Wednesday, March 22, 2006

EPA: Summer Smog Could Be a Killer

Summer-time smog could be a killer.

That’s one of the conclusions of a new compendium of scientific information on smog (technically ozone) that EPA quietly posted to the internet last evening. See volume I, pages E-17 and 18.

This is a very significant finding and suggests that the EPA should set a tougher national air pollution standard for smog in order to protect people’s health.

The compendium, known technically as a “Criteria Document,” also notes that smog sends children with asthma to hospital emergency rooms, restricts our ability to breathe and causes other bad health effects.

EPA is under a court order to decide by late 2007 whether to revise the current national standard, which was last revised in 1997.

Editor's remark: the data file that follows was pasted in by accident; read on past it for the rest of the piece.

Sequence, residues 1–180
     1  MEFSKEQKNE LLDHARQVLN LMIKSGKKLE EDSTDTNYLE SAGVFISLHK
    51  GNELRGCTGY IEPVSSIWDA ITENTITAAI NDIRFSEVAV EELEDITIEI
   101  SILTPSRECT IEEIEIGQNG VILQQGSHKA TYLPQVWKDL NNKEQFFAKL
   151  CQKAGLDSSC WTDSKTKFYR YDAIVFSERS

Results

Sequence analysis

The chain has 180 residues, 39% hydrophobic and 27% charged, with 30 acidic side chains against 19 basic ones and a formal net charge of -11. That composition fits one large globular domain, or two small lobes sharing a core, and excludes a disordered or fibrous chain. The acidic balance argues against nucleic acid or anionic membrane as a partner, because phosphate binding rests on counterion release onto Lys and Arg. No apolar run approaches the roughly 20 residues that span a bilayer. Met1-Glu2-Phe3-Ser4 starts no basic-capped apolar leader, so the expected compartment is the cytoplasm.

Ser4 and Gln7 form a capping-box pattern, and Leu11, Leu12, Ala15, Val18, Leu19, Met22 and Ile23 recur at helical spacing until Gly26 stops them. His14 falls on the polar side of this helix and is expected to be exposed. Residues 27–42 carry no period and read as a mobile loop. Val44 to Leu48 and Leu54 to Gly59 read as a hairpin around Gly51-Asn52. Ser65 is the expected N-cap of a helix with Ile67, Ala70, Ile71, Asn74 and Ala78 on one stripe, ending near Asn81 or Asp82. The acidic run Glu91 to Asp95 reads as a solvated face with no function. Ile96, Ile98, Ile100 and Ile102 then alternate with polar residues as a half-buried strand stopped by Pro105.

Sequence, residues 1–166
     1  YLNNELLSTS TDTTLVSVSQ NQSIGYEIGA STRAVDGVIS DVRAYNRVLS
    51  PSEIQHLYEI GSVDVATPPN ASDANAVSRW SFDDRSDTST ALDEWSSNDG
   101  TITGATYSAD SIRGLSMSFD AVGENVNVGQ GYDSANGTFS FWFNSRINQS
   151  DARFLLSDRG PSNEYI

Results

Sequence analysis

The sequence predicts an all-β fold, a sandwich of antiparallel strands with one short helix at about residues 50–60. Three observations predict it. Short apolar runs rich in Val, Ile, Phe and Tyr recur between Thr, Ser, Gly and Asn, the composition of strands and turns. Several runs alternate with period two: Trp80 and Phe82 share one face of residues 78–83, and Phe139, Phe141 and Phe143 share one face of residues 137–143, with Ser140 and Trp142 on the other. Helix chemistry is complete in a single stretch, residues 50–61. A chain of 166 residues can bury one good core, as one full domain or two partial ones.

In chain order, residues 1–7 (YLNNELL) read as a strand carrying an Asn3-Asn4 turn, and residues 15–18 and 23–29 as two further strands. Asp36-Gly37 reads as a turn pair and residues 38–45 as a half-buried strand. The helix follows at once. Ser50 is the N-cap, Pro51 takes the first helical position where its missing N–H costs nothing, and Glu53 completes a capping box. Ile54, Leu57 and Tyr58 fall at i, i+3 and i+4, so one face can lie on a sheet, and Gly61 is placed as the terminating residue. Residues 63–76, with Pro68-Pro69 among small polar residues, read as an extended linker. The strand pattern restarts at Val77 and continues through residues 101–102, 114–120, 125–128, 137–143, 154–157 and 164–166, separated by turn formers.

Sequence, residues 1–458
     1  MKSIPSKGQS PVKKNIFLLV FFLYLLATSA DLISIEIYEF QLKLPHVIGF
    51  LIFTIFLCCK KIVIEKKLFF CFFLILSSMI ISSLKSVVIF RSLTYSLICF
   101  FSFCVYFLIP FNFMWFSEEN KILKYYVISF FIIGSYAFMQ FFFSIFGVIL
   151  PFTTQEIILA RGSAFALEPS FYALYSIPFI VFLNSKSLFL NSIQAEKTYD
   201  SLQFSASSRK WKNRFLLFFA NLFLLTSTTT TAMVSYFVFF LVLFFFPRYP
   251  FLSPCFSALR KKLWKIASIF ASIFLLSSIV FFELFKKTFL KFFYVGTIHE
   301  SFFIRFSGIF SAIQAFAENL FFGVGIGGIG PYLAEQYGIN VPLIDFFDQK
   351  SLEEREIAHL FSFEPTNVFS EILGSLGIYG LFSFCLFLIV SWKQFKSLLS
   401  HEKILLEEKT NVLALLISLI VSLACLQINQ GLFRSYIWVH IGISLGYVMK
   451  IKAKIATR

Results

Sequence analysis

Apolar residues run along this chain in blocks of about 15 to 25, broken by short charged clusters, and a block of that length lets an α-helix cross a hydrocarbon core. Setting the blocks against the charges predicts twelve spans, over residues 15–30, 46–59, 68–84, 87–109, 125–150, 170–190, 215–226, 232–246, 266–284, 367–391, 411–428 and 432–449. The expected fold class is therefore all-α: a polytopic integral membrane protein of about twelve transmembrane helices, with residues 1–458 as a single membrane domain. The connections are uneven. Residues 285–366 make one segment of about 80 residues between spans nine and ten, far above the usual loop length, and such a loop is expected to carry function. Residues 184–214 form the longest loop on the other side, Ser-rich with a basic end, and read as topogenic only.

We are concerned that big polluters – the oil, coal, electric power, automobile and chemical industries – will pressure the agency to make a decision based on economics and politics, rather than science.

As you know, the EPA is wrestling with a similar issue as it considers revisions to the national air quality standard for fine particle soot. In that case, the agency – we believe in response to political pressure – has proposed something weaker than recommended by EPA’s own science advisors.

The new EPA findings were bolstered by a recent study, published by the National Institute of Environmental Health Sciences,

which also linked low levels of smog exposure to increased death rates.

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